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Publication numberUS6849469 B1
Publication typeGrant
Application numberUS 10/677,043
Publication dateFeb 1, 2005
Filing dateOct 1, 2003
Priority dateOct 1, 2003
Fee statusPaid
Publication number10677043, 677043, US 6849469 B1, US 6849469B1, US-B1-6849469, US6849469 B1, US6849469B1
InventorsCiby Thomas Thuruthiyil, Bhanwar Singh, Ramkumar Subramanian
Original AssigneeAdvanced Micro Devices, Inc.
Export CitationBiBTeX, EndNote, RefMan
External Links: USPTO, USPTO Assignment, Espacenet
Monitor and control of silicidation using fourier transform infrared scatterometry
US 6849469 B1
Abstract
Real-time analysis and control of a semiconductor silicidation process. The architecture includes system and methods for monitor and control of a silicidation process during rapid thermal anneal. An FTIR system analyzes selected and/or random regions where silicidation is occurring, and signals the process control system to control the process according to the status of the analyzed silicide formations.
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Claims(44)
1. A system that facilitates control of a semiconductor process, comprising:
a control subsystem that controls at least a silicidation process of a semiconductor substrate; and
an analysis subsystem that analyzes a portion of the substrate at least in part during the silicidation process and sends a signal to the control subsystem, the analysis subsystem utilizing an interferometer.
2. The system of claim 1, the analysis subsystem is a Fourier Transform Infrared (FTIR) analysis subsystem.
3. The system of claim 1, the analysis subsystem is an ultraviolet FTIR analysis subsystem.
4. The system of claim 1, the analysis subsystem sends the signal to the control subsystem to stop the silicidation process.
5. The system of claim 1, the silicidation process includes a rapid thermal annealing (RTA) process.
6. The system of claim 1, the control system controls silicide formation of the silicidation process with a tolerance factor of about 5 nm or less.
7. The system of claim 1, the silicidation process utilizes a silicide selected from the group consisting of molybdenum, iron, platinum, niobium, hafnium, vanadium, zirconium, cobalt, titanium, and tantalum.
8. The system of claim 1, the silicidation process utilizes a metallic silicide.
9. The system of claim 1, the signal is transmitted from the analysis subsystem to the control subsystem via at least one of wired and wireless communication.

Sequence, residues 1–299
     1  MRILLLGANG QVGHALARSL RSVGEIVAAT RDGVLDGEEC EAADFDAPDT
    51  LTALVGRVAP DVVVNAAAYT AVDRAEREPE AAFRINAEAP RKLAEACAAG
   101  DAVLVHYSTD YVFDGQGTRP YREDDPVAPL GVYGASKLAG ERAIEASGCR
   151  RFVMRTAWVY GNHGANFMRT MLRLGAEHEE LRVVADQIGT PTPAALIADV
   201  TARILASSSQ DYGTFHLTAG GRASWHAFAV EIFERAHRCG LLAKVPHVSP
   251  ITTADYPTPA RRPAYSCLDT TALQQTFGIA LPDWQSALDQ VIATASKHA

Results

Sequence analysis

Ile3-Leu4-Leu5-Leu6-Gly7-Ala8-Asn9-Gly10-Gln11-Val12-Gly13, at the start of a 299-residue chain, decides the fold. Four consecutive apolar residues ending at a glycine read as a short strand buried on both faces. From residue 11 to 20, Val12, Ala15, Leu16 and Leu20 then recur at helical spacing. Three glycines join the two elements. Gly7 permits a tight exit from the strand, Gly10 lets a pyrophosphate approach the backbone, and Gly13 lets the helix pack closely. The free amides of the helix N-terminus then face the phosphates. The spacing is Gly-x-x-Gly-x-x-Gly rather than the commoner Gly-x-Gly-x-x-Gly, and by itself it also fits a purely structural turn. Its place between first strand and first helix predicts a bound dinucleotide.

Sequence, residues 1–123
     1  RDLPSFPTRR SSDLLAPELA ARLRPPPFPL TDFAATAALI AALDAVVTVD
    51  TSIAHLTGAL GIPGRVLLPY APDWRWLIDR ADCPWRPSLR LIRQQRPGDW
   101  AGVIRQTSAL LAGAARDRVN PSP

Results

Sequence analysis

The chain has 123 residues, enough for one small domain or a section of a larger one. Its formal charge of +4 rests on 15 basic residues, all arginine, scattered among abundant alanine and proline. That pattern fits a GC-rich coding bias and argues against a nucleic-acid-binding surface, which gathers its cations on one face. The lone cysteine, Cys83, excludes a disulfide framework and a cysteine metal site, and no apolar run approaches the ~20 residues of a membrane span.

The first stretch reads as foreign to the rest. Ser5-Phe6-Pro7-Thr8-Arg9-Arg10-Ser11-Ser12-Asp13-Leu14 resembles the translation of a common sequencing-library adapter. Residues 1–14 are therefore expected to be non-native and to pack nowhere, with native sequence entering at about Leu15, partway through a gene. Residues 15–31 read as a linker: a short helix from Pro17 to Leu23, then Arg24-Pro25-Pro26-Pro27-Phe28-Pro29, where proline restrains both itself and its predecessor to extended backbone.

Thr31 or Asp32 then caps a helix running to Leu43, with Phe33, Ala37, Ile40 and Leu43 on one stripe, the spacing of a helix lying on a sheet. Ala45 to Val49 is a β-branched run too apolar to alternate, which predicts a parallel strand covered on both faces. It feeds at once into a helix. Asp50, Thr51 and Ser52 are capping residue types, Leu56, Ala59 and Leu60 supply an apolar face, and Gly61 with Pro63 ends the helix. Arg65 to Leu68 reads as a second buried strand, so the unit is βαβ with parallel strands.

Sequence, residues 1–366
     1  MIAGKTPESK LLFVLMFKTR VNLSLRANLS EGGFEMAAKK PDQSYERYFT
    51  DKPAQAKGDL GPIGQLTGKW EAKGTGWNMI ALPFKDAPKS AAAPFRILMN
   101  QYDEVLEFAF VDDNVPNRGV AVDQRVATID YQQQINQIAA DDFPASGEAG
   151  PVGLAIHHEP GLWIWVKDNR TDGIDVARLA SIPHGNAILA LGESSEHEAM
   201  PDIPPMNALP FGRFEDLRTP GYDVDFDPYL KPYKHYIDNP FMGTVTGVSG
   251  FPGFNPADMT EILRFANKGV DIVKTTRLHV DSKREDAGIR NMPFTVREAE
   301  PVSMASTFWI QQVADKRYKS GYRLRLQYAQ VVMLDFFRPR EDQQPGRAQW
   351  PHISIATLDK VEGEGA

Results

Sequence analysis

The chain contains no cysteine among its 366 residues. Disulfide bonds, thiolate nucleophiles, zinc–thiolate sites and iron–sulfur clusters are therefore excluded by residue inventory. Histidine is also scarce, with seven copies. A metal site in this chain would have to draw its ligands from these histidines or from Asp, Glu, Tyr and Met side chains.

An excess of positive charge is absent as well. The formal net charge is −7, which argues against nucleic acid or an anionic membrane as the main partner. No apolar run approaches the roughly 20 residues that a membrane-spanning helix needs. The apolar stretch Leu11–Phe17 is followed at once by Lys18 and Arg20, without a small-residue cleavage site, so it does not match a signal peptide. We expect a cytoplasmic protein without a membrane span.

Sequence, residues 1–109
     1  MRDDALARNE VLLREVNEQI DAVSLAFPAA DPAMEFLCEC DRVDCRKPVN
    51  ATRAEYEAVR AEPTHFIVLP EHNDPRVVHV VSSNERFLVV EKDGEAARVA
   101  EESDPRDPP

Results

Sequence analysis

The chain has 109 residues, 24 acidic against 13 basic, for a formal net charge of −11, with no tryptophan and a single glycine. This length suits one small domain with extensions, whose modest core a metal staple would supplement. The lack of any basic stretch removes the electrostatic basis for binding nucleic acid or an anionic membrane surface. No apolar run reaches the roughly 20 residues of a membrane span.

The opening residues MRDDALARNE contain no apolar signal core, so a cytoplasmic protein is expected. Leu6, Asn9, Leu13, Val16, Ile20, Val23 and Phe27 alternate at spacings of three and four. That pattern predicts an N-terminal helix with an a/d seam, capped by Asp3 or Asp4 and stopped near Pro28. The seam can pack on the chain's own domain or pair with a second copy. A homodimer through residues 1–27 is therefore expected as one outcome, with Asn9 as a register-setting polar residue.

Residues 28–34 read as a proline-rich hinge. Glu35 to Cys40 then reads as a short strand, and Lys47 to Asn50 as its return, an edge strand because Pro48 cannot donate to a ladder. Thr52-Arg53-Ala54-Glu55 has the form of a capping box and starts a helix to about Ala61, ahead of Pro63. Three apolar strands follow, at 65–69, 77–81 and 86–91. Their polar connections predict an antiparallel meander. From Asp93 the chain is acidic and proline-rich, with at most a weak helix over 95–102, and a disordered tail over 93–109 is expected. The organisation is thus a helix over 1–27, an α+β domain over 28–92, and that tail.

10. The system of claim 1, the signal transmitted to the control subsystem initiates an orderly shutdown of the silicidation process.
11. The system of claim 1, the control subsystem further comprises a monitor and control subsystem for monitor and control of the analysis subsystem, and a process control subsystem for monitor and control of the silicidation process.
12. The system of claim 11, the monitor and control subsystem receives the signal and sends a corresponding signal to the process control subsystem to initiate shutdown thereof.
13. The system of claim 11, the monitor and control subsystem includes a microscope for viewing a point of inspection of the substrate during the silicidation process.
14. The system of claim 11, the monitor and control subsystem includes a presentation component that presents to a user a view of a point of inspection of the substrate during the silicidation process.
15. The system of claim 11, the monitor and control subsystem includes a database of spectra data used to determine a state of the silicidation process.
16. The system of claim 1, the analysis subsystem performs analysis of silicide formation during the silicidation process.
17. The system of claim 1, the control subsystem automatically controls a sampling rate of the analysis subsystem during the silicidation process.
18. The system of claim 1, the control subsystem automatically varies a sampling rate of the analysis subsystem in accordance with the time remaining to complete the silicidation process.
19. The system of claim 1, the control subsystem controls the silicidation process to diffuse the silicide to about one-half of a source junction depth.
20. The system of claim 1, the control system controls suicide formation of the silicidation process to a depth from about 10 nm to about 140 nm.
21. The system of claim 1, the control system controls silicide formation of the silicidation process with a tolerance factor of about 15 nm or less.
22. The system of claim 1, the control system controls suicide formation of the silicidation process to a depth from about 20 nm to about 130 nm with a tolerance factor of about 10 nm or less.
23. A system that facilitates control of a semiconductor process, comprising:
means for controlling a silicidation process on a semiconductor substrate;
means for analyzing a portion of the substrate during the silicidation process, the analyzing means comprises means for analyzing the silicidation process with an interferometer;
means for determining a state of the silicidation process based upon the portion analyzed; and
means for sending a signal to control the silicidation process based upon the state.
24. The system of claim 23, the analyzing means is an FTIR spectroscopy subsystem.
25. The system of claim 23, the analyzing means comprises means for detecting a wavelength of light emitted from a light source through the substrate.